Lab teacher honors father with exhibit

Krishita Dutta, Opinion Editor

Mr. Moses co-curated an exhibit with Stephanie Strother in honor of his late father, who was a trailblazing art historian at the University of Chicago. (Collection of Michael A. Moses)

At one point in the cardboard boxes shuffled from home to home were medals, high school yearbooks, collections of paintings and print-outs of research papers: souvenirs from a successful art historian’s life. Now, his belongings are beautifully displayed behind glass boxes at the University of Chicago.

The art historian Paul B. Moses lived an extraordinary life, from overcoming barriers as the first African American student to attend Haverford College to eventually becoming a successful art historian at the University of Chicago, with countless milestones hit throughout the journey. He was fatally shot on March 24, 1966, at age 36. 

His son, Michael Moses, is a U-High alumnus and a longtime P.E. teacher at U-High who lost his father at age 3. On a mission of getting to know his father, Mr. Moses began opening up the boxes laying around with his father’s belongings. Now, Mr. Moses, along with Stephanie Strother, a Ph.D. student in art history at the University of Chicago, has compiled his father’s belongings into an exhibition at UChicago’s Joseph Regenstein Library through Dec. 16.

The exhibition, “Paul B. Moses: Trailblazing Art Historian,” holds two stories: one of how Paul B. Moses’ life and career came together, and one of the journey behind putting together the gallery. The creation of the exhibition served as a path for Lab’s own Mr. Moses to learn who his late father was, from his childhood to his work.

The gallery is arranged in chronological order of Paul B. Moses’ life with displays showing his early life through school yearbooks, his time in the army as a soldier through images, and his life at the University of Chicago through his research papers. It goes on to show his passion for art through copies of his art criticisms and his own artwork, his success in his later career through displays of his awards, and lastly, a display of newspapers from the day his death was announced accompanied by condolence letters from both friends and strangers.

The idea for the exhibition was rooted in Mr. Moses’ goal to learn more about his father. 

“I think the hurt and the grief was too much for [my family], so they never really talked to me about him, and I didn’t have the courage to ask my mom because I was afraid it would open up old wounds, so pretty much all my life I never knew who he was,” Mr. Moses said. 

In the process of moving multiple times, he shuffled around through boxes that had his father’s name on them.

“As time went on, I’m in the process of thinking that I’ve got all these paintings, I’ve got a story, so I need to see what’s in these boxes,” he said. 

He then met Ms. Strother in 2019, who introduced herself as an art history student, and decided there was no better time to open up the boxes and begin the project with her. Their proposal to the Regenstein Library was approved in April 2020. 

According to Mr. Moses, he achieved his mission.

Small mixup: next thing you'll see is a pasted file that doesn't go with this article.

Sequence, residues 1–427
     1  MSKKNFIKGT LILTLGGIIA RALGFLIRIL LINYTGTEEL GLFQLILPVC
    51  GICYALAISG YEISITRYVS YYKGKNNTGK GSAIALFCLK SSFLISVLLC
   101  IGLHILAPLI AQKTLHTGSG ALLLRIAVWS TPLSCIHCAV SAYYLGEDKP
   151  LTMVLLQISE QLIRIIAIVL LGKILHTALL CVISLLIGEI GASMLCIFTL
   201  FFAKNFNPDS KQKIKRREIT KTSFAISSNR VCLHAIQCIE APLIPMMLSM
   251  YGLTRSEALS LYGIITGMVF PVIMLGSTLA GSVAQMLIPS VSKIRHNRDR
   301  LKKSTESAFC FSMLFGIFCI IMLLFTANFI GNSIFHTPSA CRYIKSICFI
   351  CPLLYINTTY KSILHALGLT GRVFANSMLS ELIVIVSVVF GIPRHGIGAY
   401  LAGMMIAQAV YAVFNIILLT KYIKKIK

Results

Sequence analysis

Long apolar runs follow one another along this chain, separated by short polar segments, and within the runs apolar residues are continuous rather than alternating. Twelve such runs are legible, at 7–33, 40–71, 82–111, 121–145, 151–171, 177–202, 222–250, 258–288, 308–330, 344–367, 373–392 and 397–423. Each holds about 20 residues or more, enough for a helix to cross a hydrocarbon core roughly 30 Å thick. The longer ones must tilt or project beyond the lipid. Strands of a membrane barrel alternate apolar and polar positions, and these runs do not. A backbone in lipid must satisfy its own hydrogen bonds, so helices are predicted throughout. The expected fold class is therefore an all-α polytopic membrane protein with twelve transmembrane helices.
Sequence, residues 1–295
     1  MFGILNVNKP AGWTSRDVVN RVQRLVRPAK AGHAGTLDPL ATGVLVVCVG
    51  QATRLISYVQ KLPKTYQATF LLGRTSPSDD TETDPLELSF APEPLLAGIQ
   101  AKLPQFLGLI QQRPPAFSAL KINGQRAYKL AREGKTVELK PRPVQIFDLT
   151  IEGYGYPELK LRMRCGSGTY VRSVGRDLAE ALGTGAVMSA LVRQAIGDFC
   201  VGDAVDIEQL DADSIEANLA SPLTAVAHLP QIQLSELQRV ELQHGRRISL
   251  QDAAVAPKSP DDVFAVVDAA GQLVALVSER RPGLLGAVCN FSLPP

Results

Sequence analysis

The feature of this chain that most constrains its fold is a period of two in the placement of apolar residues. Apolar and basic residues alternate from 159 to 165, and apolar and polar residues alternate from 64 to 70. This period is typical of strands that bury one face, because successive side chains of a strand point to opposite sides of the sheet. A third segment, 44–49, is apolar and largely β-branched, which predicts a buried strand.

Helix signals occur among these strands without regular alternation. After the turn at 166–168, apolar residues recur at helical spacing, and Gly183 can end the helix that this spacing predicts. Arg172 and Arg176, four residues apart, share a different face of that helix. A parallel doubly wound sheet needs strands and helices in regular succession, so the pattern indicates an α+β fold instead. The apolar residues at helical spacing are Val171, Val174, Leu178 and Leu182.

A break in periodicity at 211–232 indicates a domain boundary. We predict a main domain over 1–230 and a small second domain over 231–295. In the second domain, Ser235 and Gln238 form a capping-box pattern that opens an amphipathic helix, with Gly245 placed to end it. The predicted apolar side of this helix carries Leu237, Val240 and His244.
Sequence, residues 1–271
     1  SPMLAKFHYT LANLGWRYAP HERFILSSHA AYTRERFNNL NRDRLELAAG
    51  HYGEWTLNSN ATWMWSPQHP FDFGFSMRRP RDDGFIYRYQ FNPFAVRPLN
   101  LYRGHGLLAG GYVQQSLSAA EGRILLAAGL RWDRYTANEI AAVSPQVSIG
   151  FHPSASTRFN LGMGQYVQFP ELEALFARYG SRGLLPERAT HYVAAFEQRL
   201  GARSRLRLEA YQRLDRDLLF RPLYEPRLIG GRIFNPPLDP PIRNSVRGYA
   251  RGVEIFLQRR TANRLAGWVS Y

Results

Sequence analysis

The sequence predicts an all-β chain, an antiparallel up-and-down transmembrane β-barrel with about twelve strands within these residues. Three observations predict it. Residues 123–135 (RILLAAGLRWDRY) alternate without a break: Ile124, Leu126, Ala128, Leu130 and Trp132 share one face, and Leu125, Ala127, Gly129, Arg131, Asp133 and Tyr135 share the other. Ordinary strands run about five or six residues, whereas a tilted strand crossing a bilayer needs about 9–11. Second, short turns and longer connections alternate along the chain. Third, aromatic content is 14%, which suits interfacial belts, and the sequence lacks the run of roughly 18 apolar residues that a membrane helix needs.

“Through all of this, I’ve been able to get to know my father, through all the research and what’s in those boxes,” he said. “At this point, I truly feel like I know who he was, who he is, and more of what he would’ve been in the future.”

Through all of this, I’ve been able to get to know my father, through all the research and what’s in those boxes. At this point, I truly feel like I know who he was, who he is, and more of what he would’ve been in the future.”

— Michael Moses

Mr. Moses said there was an unexpected emotional aspect of putting the exhibition together. 

“The condolence letters were hard. The personal letters, I read every one of those, six of those being in the exhibit,” he said. “Through the process, there were some emotional and touching things that jumped out at me here and there, and I really didn’t think I would get emotional in the process of going through the items.”

Mr. Moses wants people who visit the exhibition to learn about an incredible leader and to understand Paul Moses’ life, and the significance it held.

 “We hear about many great African American pioneers throughout the ages, and I think he’s worthy to be in that group of great pioneers,” Mr. Moses said. “That’s where the ‘trailblazing’ in the exhibition title comes from.”

To Mr. Moses, separating himself from the exhibition is important, since he believes the exhibition is shaped by his father. “Overall, I want people to think of a person who is brought back to life who knew his profession, was an excellent professor, was a short-lived excellent father, amazing person, and learn what he was like as a whole,” Mr Moses said. “This is not about me for other people, it’s about him.”

Mr. Moses believes that through this experience, he’s gone from a novice in exhibition-making to understanding the process. Even though he didn’t get it right away, patience always pays off — and with that mindset, he’s embarked on a wonderful journey of finally getting to know who his father was. 

He said, “If somebody today were to ask me, ‘tell me about your father,’ now, I can do that.”